This study aimed to elucidate the effects of light intensity and As toxicity on plant growth and photosynthesis. Both variables were measured in the lettuce nutrient solutions. Increased light intensity generally supported plant growth; however, concurrently elevated As uptake in the shoots, impaired water uptake and disrupted photosynthetic electron transport. Consequently, this study suggests that an intricate balance is required for plant development in As-polluted environment. Adequate lighting is essential for growth, however, may exacerbate As uptake and toxicity. Hence, comprehensive strategies that minimize contaminant absorption while optimizing growth are necessary, particularly for crop vegetation such as lettuce, necessitating a refined approach for cultivation in toxic elementladen environments.


    This research was supported by Basic Science Research Program through the National Research Foundation of Korea (NRF) funded by the Ministry of Education (NRF-2021R1A6A1A10045235) and partly granted by Korea university (k230031).

    CRediT authorship contribution statement

    HG Min: Investigation, Writing - Original draft, Visualization. E Kim: Methodology, Investigation. MS Kim: Conceptualization, Methodology. JG Kim: Resources, Writing - Review & editing Supervision, Project administration, Funding acquisition.

    Declaration of Competing Interest

    The authors declare no conflicts of interest.



    Arsenic concentration in lettuce and translocation factor. (a) As concentration in root. (b) As concentration in shoot. (c) translocation factor from root to shoot. As concentration (μmol L-1) is exposed As concentration in nutrient solution. L1 means 22 μmol m-2 s-1 light intensity and L2 means 122 μmol m-2 s-1 light intensity. Different letters indicate significant differences at the 5% level determined via Tukey’s test.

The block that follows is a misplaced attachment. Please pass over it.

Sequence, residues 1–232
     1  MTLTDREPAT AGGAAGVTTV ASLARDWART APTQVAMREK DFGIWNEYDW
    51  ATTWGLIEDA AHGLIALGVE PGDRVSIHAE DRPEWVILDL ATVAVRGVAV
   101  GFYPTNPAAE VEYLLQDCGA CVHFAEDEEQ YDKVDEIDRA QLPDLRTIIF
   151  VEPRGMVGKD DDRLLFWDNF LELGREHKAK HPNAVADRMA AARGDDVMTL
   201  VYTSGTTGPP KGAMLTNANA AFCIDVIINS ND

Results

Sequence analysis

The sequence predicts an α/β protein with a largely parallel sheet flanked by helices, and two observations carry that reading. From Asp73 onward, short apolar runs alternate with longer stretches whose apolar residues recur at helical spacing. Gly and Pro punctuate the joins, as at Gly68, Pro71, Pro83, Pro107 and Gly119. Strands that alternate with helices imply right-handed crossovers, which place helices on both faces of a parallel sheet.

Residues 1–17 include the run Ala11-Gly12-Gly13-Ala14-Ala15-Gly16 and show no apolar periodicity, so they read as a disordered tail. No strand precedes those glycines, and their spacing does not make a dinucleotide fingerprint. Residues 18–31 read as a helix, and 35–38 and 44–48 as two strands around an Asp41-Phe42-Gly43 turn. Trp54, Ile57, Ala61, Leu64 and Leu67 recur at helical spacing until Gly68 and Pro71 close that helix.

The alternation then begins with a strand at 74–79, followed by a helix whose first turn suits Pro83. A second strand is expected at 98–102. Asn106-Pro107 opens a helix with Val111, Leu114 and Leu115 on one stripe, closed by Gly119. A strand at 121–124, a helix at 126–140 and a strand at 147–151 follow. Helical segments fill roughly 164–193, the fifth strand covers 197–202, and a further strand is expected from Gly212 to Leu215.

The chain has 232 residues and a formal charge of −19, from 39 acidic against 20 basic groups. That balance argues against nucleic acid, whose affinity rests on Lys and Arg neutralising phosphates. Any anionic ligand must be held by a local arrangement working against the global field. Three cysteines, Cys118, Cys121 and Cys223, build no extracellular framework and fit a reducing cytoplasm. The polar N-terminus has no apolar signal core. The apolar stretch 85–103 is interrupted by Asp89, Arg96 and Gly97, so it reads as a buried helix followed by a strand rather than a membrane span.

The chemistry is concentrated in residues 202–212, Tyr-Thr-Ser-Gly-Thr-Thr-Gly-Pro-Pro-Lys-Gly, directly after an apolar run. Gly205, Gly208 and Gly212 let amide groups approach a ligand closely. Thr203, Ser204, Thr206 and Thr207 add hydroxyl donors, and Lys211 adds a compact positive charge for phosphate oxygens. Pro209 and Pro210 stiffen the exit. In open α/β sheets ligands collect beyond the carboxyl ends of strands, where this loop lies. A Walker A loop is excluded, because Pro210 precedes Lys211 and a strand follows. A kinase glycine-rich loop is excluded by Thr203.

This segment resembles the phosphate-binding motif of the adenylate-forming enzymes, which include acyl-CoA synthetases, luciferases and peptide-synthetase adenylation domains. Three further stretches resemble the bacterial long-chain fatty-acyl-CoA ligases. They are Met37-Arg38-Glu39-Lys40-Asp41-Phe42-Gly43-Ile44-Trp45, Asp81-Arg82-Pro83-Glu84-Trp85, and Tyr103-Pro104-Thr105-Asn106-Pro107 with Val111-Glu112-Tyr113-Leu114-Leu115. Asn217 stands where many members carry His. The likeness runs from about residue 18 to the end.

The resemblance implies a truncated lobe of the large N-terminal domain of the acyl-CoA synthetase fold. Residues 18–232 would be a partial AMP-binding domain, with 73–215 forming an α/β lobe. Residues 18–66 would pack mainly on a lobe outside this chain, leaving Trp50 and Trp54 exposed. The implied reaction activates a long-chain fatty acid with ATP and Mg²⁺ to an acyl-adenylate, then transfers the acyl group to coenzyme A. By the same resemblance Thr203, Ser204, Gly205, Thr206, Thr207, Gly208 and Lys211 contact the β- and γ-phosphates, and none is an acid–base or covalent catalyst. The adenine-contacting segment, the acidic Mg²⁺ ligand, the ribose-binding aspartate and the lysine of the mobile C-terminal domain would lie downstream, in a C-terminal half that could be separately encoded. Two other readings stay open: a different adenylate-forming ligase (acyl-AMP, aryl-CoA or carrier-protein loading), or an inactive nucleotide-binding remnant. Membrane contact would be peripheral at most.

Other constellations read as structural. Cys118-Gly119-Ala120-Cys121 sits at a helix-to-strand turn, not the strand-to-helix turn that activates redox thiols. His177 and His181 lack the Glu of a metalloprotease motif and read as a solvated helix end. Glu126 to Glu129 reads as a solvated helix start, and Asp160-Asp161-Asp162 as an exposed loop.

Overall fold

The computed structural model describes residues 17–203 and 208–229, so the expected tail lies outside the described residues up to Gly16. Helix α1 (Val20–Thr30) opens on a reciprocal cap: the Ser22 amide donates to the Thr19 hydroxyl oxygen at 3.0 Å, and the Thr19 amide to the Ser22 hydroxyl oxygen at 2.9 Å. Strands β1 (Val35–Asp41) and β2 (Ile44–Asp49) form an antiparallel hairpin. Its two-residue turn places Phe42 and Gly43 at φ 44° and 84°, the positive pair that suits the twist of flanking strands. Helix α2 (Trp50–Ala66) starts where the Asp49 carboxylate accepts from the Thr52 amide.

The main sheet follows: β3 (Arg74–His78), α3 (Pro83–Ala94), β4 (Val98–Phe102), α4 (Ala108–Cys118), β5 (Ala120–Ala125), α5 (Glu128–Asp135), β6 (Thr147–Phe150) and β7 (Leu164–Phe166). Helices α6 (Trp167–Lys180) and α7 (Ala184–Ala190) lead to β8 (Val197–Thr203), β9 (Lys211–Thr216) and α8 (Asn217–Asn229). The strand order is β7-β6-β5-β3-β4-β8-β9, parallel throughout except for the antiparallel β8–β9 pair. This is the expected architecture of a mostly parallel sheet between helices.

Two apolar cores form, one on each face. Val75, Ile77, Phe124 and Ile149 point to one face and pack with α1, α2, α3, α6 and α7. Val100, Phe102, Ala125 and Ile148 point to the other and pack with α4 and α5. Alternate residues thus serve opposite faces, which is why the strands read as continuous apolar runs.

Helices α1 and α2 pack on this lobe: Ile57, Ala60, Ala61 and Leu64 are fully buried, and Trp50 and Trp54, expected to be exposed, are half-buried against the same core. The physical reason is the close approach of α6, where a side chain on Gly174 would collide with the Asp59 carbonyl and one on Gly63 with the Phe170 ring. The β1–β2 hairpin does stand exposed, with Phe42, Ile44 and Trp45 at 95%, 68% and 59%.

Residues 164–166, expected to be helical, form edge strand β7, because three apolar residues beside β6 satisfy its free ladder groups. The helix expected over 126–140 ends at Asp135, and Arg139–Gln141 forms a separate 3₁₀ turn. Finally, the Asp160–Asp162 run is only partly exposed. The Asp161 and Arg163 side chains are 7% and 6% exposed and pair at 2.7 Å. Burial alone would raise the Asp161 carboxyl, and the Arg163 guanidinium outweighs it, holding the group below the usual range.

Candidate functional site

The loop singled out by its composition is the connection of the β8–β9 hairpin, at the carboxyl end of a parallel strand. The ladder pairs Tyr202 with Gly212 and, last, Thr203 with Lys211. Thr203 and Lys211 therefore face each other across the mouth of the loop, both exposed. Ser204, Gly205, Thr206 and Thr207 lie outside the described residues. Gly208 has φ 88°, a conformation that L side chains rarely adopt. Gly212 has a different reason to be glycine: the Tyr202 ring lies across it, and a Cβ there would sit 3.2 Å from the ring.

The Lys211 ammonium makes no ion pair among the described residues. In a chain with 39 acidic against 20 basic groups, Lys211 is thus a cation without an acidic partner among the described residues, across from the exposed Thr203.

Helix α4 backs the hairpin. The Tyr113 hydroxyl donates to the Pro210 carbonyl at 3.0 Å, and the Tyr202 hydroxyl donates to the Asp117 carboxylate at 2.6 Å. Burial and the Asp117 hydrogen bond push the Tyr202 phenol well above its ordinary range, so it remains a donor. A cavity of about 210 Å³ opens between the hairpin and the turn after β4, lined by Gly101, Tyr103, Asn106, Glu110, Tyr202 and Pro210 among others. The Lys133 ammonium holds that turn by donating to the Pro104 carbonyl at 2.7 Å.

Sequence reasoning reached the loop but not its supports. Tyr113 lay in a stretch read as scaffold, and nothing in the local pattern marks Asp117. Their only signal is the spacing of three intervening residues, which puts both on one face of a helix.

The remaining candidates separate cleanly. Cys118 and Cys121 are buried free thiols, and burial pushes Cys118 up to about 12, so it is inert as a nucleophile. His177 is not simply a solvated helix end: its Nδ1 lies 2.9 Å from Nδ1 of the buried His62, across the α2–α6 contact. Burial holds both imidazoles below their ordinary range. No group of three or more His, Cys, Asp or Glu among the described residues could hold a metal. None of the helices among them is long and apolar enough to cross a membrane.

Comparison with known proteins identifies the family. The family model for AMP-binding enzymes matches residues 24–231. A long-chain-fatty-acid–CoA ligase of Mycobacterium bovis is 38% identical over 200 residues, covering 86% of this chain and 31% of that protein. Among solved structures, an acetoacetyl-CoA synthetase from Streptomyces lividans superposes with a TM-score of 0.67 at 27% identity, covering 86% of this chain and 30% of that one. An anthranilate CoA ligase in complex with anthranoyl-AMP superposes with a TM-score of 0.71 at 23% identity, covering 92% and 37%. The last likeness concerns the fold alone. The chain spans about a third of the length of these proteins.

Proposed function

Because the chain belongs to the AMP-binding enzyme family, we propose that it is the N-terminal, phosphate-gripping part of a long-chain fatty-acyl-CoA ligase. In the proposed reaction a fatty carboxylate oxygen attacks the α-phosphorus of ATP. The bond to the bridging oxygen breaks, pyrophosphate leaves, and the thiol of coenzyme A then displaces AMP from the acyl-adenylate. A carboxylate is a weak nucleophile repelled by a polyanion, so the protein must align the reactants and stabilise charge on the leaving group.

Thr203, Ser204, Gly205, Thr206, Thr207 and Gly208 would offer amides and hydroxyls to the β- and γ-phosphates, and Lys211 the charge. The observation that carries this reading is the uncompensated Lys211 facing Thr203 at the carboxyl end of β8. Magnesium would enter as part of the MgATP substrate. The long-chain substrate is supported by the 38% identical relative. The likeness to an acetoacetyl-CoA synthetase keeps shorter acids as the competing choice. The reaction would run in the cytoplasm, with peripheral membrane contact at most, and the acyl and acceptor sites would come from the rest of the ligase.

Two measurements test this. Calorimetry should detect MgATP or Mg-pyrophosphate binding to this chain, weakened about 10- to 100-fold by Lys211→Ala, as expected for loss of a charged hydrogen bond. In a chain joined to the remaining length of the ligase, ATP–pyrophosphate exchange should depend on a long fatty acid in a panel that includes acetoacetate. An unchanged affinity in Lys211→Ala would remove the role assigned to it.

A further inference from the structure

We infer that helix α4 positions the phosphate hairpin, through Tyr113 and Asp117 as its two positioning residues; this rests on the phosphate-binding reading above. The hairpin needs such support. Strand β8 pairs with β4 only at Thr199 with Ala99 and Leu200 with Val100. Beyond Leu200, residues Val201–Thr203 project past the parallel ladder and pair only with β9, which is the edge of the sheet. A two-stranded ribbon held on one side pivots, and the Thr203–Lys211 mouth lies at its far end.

Root length and shoot fresh weight depend on light intensity and As exposure of lettuce. (a) Root length of lettuce, (b) shoot fresh weight of lettuce, and (c) water content of shoot part. As concentration (μmol L-1) is exposed As concentration in nutrient solution. L1 means 22 μmol m-2 s-1 light intensity and L2 means 122 μmol m-2 s-1 light intensity. Different letters indicate significant differences at the 5% level determined via Tukey’s test.


    Fluorescence of chlorophyll a depend on light intensity and As exposure of lettuce. (a) RC/Cs, Active reaction center per cross section. (b) ET2o/ RC, Electron flux per reaction center. (c) TRo/RC, Trapping of electrons per excited reaction center. L1 means 22 μmol m-2 s-1 light intensity and L2 means 122 μmol m-2 s-1 light intensity. Different letters indicate significant differences at the 5% level determined via Tukey’s test.


    Short description of chlorophyll fluorescence parameters used in the study (Stirbet 2011)

    Pearson’s correlation coefficient (r) with As concentration in plant

    *,**,*** represent significant at <i>p</i><0.05, <i>p</i><0.001, and <i>p</i><0.0001, respectively.
    aActive reaction center per cross section.
    bElectron flux per reaction center.
    cTrapping of electrons per excited reaction center.


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    Vol. 40 No. 4 (2022.12)

    Journal Abbreviation 'Korean J. Environ. Biol.'
    Frequency quarterly
    Doi Prefix 10.11626/KJEB.
    Year of Launching 1983
    Publisher Korean Society of Environmental Biology
    Indexed/Tracked/Covered By

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    Any inquiries concerning Journal (all manuscripts, reviews, and notes) should be addressed to the managing editor of the Korean Society of Environmental Biology. Yongeun Kim,